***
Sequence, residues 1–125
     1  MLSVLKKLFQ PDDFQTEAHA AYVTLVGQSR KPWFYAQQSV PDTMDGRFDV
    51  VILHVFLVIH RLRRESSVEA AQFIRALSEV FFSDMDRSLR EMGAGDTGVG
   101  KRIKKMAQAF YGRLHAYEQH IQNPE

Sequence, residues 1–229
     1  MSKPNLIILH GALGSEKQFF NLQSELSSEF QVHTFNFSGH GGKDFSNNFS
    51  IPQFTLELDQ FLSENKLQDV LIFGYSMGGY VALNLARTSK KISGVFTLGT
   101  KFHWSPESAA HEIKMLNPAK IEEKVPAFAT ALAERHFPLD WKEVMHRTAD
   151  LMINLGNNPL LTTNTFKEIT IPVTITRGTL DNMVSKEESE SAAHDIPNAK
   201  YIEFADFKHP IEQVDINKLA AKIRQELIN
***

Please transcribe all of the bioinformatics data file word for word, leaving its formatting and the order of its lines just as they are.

Sequence, residues 1–125
     1  MLSVLKKLFQ PDDFQTEAHA AYVTLVGQSR KPWFYAQQSV PDTMDGRFDV
    51  VILHVFLVIH RLRRESSVEA AQFIRALSEV FFSDMDRSLR EMGAGDTGVG
   101  KRIKKMAQAF YGRLHAYEQH IQNPE

Sequence, residues 1–229
     1  MSKPNLIILH GALGSEKQFF NLQSELSSEF QVHTFNFSGH GGKDFSNNFS
    51  IPQFTLELDQ FLSENKLQDV LIFGYSMGGY VALNLARTSK KISGVFTLGT
   101  KFHWSPESAA HEIKMLNPAK IEEKVPAFAT ALAERHFPLD WKEVMHRTAD
   151  LMINLGNNPL LTTNTFKEIT IPVTITRGTL DNMVSKEESE SAAHDIPNAK
   201  YIEFADFKHP IEQVDINKLA AKIRQELIN